>>>>>>>> image editor like Photoshop after conversion, to reduce
>>>>>>>> the whites down to grey. And the same process will
>>>>>>>> *equally* reduce the noise. Thus the noise in the final
>>>>>>>> image will be *lower* with method 2 than with method 1.
>>>>>>>>
>>>>>>>> Reducing the amount of noise in the final product is
>>>>>>>> probably *not* a waste of time.
>>>>>>>
>>>>>>> You're the only one who has suggested otherwise. This fibre is about
>>>>>>> whether reducing the exposure in post-processing is a good way to
>>>>>>> recover saturation. Please pay attention to the conversation.
>>>>>>
>>>>>> "Recover saturation" means what? Nobody has said any
>>>>>> such thing. *You* need to pay attention.
>>>>>
>>>>>Porte Rouge said (underlines added to emphasise the seminal phrases), "I
>>>>>set
>>>>>my exposure to slide the histogram to the right, without clipping ( when
>>>>>I
>>>>>have time), to capture the most tonal levels . So, now when I am editing
>>>>>the
>>>>>photos they are over exposed(not clipped). A sunrise is a good example.
>>>>>_The_deep_colors_are_washed_out_. The obvious fix(to me anyway) in
>>>>>Lightroom
>>>>>or CS4 is to reduce the exposure. Now my question is,
>>>>>_by_reducing_exposure_in_post_,_am_I_just_ending_up_in_the_same_place_(_histogram_to_the_left_)
>>>>>as if I had just ignored the histogram when I was shooting and set the
>>>>>exposure to properly expose the image using my light meter?"
>>>>>
>>>>>> The statement (quoted above) was made that, "Yes,
>>>>>> reducing the exposure in Lightroom just puts your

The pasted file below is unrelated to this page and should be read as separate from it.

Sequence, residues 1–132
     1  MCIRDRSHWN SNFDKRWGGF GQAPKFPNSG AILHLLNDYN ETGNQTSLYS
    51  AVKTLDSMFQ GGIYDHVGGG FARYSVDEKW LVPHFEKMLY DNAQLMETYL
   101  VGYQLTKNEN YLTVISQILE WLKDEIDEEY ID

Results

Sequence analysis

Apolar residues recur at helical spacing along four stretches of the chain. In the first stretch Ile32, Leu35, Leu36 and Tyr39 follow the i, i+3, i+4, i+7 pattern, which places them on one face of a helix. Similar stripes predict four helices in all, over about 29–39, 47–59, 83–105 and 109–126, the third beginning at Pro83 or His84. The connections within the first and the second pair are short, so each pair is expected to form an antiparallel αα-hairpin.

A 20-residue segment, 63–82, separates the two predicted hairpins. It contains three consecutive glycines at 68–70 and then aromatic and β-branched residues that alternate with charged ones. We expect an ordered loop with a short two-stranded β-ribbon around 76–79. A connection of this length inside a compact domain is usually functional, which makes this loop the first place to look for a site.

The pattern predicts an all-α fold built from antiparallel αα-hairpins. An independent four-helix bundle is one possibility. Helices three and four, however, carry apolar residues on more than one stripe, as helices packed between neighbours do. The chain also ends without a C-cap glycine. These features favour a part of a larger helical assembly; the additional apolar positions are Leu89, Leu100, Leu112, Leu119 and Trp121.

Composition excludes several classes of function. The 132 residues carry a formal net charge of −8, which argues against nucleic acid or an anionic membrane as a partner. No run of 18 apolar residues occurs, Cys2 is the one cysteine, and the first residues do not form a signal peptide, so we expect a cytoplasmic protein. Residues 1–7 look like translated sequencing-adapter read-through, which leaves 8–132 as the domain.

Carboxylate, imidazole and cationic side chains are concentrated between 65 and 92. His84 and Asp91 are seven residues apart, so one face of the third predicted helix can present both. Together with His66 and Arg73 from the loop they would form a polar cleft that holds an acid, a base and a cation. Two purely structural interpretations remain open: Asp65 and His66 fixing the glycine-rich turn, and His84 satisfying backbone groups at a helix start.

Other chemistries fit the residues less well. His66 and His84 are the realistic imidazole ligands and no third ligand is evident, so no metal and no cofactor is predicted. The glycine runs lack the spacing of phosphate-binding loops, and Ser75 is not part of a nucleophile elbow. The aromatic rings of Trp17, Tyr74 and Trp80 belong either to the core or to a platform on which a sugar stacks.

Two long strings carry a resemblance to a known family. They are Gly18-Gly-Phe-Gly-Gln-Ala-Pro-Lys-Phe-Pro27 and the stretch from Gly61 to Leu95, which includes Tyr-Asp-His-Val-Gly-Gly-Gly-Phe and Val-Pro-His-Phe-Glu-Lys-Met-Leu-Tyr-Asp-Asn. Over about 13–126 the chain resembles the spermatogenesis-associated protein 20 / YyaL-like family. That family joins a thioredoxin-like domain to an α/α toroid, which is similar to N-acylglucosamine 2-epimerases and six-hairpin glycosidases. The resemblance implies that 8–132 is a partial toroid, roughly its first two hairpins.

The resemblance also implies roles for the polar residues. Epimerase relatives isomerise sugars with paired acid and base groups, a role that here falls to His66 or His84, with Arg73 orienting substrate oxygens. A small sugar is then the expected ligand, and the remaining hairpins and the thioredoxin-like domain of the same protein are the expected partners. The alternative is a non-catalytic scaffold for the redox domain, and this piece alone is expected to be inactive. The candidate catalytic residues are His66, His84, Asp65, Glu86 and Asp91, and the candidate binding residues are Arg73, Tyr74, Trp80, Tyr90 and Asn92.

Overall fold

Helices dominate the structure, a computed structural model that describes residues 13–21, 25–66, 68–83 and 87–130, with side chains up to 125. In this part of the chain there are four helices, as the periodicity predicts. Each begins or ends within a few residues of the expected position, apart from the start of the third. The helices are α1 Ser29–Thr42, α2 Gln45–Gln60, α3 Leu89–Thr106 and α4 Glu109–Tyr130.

>>>>>> histogram back to the left, so that's a waste of time."
>>>>>
>>>>>Right, a precise and appropriate answer to Porte's question.
>>>>
>>>> As I noted in my original response, that is not a correct
>>>> statement. It is *not* a waste of time. It does more than
>>>> "just puts your histogram back".
>>>>
>>>>>> That is not true. It does more than just moving the
>>>>>> "histogram back to the left", and what it does do is
>>>>>> reduce noise, which is not usually a waste of time.
>>>>>
>>>>>I can see I'm going to have to insult you again very soon. :- )
>>>>
>>>> That won't help your problem though...
>>>>
>>>> Here is the part you missed the significance of:
>>>>
>>>> "_The_deep_colors_are_washed_out_. The obvious fix(to
>>>> me anyway) in Lightroom or CS4 is to reduce the
>>>> exposure. Now my question is, _by_reducing_exposure_in_
>>>>
>>>> _post_,_am_I_just_ending_up_in_the_same_place_(_histogram_to_the_left_)
>>>> as if I had just ignored the histogram when I was
>>>> shooting and set the exposure to properly expose the